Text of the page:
South to the border
The Sky Islands Odyssey West Loop in the borderlands is more remote and rugged then the East Loop, and we decided to do it over five days from March 3-7. This time David, Kathy, Jeff and I were joined by Todd and we started by heading south along Highway 82 (David and I had already ridden the dirt section a few days before on the Adventure Cycling Patagonia Gravel Tour). This also allowed everyone an easier transition after 6 days of gravel touring and sightseeing.
Going to the lake
Day one was primarily pavement up to Pena Blanca Lake and the White Rock Campground where we camped. This was also the only pit toilet and facilities for the entire route and with the senior discount was affordable. We had gotten sufficient water at the Pilot gas station – only 30¢ for a gallon, so were good until we got to Arivaca the next day. Lots of Border Patrol trucks and ATVs roaring though day and night. Luckily, this was about the only spot we encountered so much traffic.
No fake patriots allowed
The second day we rode mainly through Coronado National Forest land through Ruby. While we still had winds, they weren’t quite as bad as the East Loop, but still challenging. In Arivaca we ate at the wonderful La Gitana Cantina (“The Gypsy”) and filled up water from the well-stocked Mercantile. Met Ebony who invited us to stay at Universal Ranch RV park if we decided the wind was too much. For dry camping we each had between 5-7 liters of water for drinking and cooking.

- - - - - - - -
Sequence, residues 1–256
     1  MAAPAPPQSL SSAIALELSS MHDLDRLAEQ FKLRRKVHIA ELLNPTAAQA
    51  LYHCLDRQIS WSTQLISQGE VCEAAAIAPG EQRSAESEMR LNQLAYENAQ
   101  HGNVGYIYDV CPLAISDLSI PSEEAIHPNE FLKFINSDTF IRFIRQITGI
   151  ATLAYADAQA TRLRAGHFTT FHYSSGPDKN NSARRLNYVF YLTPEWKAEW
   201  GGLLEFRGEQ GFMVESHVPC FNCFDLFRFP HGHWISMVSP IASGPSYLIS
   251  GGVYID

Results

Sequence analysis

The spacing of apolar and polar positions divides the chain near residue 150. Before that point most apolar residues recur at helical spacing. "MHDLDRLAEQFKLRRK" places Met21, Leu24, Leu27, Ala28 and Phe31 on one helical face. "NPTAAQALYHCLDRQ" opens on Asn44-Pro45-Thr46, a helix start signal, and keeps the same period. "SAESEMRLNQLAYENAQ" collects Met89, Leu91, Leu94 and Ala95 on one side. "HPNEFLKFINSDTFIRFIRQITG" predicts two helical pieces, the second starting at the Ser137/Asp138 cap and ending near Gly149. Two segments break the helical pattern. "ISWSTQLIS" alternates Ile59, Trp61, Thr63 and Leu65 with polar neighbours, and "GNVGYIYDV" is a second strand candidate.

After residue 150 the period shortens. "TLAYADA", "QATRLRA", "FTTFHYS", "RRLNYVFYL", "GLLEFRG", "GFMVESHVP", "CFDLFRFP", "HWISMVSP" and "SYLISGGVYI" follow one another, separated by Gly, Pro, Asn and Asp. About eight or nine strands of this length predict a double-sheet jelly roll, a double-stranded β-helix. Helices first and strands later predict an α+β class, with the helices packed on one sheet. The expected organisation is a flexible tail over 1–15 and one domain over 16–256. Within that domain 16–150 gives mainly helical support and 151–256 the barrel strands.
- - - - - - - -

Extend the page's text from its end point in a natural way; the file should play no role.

To avoid the wind, we opted to camp along the Corona Wash in the brush, which helped a bit, but the temps again went down below freezing at the 4000 foot elevation. Awoke to frozen bottles with frost on tents and bikes. Brrrr.
The third day was a long descent into the Buenos Aires National Wildlife Refuge where we could get water at the Visitor Center. The facility was unfortunately closed, but a nice docent let us see their stuffed jaguar and told us about the refuge. It was a perfect lunch stop and should be open again in May. From there we headed north through the refuge and enjoyed some lovely tailwinds for a few hours. We opted to camp on the plains above a wash where we had fabulous views of Baboquivari Mountain on Tohono O’Odham land and the Santa Rita Mountains. Became a little less windy after sunset which was welcome.
Desert walleye magic
The next day was through ranch land and crossing I-19 to climb again on FS143. Along the way we stopped in Arivaca Junction and splurged on lunch with beer at the Longhorn Grill. They even had walleye! Instead of riding the whole stretch to Patagonia, this time we camped near the second creek crossing to split the hike-a-bike over two days. It was a wise choice as the FS road was torn up by ATVs, dual sports and side-by-sides who were out for the weekend. This section was considerably rough and less rideable than the week before.
We had a lovely campsite above the creek, but only one week ago there was far more water. Seems likely those creeks would be dry by April.
Our final day started with a cold sunrise that eventually warmed up as the light made it’s way over the hills. Immediately we were pushing our bikes and would off and on for the next three miles until we crested the pass leading down into Salero Canyon. With such a short day we didn’t really mind.
The final miles went quickly and by 11:30am I was at Gathering Grounds enjoying a celebratory beer. Everyone trickled in over the next hour and we each loaded bikes into vans and cars and said our goodbyes. We had completed the entire Sky Islands Odyssey!!